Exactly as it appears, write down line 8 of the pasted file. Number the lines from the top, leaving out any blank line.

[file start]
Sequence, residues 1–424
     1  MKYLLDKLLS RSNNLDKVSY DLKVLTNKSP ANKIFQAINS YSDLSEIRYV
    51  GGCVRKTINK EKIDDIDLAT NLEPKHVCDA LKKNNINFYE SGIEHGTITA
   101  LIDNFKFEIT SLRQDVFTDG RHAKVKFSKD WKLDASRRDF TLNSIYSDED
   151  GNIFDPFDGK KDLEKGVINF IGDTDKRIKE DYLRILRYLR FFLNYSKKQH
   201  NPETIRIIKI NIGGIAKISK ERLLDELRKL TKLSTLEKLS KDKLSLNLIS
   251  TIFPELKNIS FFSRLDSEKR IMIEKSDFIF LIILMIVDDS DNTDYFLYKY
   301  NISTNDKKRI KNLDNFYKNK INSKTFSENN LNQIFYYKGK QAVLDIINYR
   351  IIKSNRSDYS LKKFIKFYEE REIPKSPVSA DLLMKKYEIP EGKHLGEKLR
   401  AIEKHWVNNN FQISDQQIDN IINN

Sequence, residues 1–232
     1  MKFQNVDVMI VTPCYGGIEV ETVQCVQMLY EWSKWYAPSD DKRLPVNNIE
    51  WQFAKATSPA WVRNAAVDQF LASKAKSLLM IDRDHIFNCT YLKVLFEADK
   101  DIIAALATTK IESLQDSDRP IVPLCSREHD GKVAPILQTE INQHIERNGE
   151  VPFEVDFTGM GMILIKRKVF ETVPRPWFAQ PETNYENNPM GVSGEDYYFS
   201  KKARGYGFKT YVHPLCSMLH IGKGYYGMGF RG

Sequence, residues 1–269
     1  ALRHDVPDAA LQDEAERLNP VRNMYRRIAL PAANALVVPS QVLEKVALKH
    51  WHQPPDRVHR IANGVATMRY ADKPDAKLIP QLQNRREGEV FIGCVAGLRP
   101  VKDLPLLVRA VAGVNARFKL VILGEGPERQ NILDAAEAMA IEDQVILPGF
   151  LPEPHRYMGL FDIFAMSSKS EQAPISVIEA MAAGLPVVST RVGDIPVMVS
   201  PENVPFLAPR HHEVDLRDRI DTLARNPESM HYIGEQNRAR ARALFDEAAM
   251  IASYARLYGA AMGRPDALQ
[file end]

   301  NISTNDKKRI KNLDNFYKNK INSKTFSENN LNQIFYYKGK QAVLDIINYR